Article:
BY PRACTICAL SCHOLARSHIP
A compassionate scientist invents an alternate, evil version of himself in this classic tale of psychological terror.
EACH ENRICHED CLASSIC EDITION INCLUDES:
• A concise introduction that gives readers important background information
• A chronology of the author's life and work
• A timeline of significant events that provides the book's historical context
• An outline of key themes and plot points to help readers form their own interpretations
• Detailed explanatory notes
• Critical analysis, including contemporary and modern perspectives on the work
• Discussion questions to promote lively classroom and book group interaction
• A list of recommended related books and films to broaden the reader's experience
Enriched Classics offer readers affordable editions of great works of literature enhanced by helpful notes and insightful commentary. The scholarship provided in Enriched Classics enables readers to appreciate, understand, and enjoy the world's finest books to their full potential.
SERIES EDITED BY CYNTHIA BRANTLEY JOHNSON
This University of Nebraska Press edition is a small, exquisitely produced paperback. The book design, based on the original first edition of 1886, includes wide margins, decorative capitals on the title page and first page of each chapter, and a clean, readable font that is 19th-century in style. Joyce Carol Oates contributes a foreword in which she calls Dr. Jekyll and Mr. Hyde a "mythopoetic figure" like Frankenstein, Dracula, and Alice in Wonderland, and compares Stevenson's creation to doubled selves in the works of Plato, Poe, Wilde, and Dickens.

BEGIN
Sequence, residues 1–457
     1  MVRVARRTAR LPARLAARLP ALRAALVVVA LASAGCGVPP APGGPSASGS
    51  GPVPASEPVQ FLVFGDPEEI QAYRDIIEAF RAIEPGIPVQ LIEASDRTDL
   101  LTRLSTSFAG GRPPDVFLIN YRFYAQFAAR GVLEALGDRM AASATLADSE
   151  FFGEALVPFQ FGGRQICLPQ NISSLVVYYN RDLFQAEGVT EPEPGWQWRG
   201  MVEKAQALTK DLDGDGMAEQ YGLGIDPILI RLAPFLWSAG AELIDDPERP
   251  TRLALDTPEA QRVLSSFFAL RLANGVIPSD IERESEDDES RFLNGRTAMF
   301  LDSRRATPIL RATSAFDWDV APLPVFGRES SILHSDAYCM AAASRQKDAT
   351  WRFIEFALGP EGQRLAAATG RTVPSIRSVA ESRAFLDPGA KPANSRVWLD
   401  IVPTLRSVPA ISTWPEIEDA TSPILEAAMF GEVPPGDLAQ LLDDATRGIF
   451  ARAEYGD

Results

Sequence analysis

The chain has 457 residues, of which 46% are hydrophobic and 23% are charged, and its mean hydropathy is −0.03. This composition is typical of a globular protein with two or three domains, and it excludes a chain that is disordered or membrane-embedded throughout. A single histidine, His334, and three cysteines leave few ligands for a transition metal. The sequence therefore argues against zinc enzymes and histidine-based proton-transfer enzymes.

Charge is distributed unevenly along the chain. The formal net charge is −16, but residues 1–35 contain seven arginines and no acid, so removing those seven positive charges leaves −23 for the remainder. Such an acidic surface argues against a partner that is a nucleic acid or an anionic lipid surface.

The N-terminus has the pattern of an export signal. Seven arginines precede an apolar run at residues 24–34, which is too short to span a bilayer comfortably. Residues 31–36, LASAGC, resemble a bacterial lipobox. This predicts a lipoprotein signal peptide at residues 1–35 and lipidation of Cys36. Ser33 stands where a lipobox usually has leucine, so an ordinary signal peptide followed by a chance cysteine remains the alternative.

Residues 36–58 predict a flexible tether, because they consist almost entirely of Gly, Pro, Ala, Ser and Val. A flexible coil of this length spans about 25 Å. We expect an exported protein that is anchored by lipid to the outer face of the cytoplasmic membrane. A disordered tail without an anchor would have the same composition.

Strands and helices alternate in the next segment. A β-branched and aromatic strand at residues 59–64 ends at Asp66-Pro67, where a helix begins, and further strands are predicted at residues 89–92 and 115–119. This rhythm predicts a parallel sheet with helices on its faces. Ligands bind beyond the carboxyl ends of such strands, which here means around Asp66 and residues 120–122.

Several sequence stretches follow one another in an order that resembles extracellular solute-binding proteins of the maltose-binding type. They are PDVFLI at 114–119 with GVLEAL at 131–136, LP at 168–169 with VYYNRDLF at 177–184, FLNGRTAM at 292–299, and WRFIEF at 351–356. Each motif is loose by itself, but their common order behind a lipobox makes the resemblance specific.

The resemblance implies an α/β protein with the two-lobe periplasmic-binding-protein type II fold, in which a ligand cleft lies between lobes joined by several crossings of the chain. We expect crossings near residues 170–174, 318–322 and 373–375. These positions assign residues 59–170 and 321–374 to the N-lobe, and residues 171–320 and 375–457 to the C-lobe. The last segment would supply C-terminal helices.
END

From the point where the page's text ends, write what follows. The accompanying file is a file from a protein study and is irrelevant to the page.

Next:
This edition also features 12 full-page wood engravings by renowned illustrator Barry Moser. Moser is a skillful reader and interpreter as well as artist, and his afterword to the book, in which he explains the process by which he chose a self-portrait motif for the suite of engravings, is fascinating. For the image of Edward Hyde, he writes, "I went so far as to have my dentist fit me out with a carefully sculpted prosthetic of evil-looking teeth. But in the final moments I had to abandon the idea as being inappropriate. It was more important to stay in keeping with the text and, like Stevenson, not show Hyde's face." (Also recommended: the edition of Frankenstein illustrated by Barry Moser) --Fiona Webster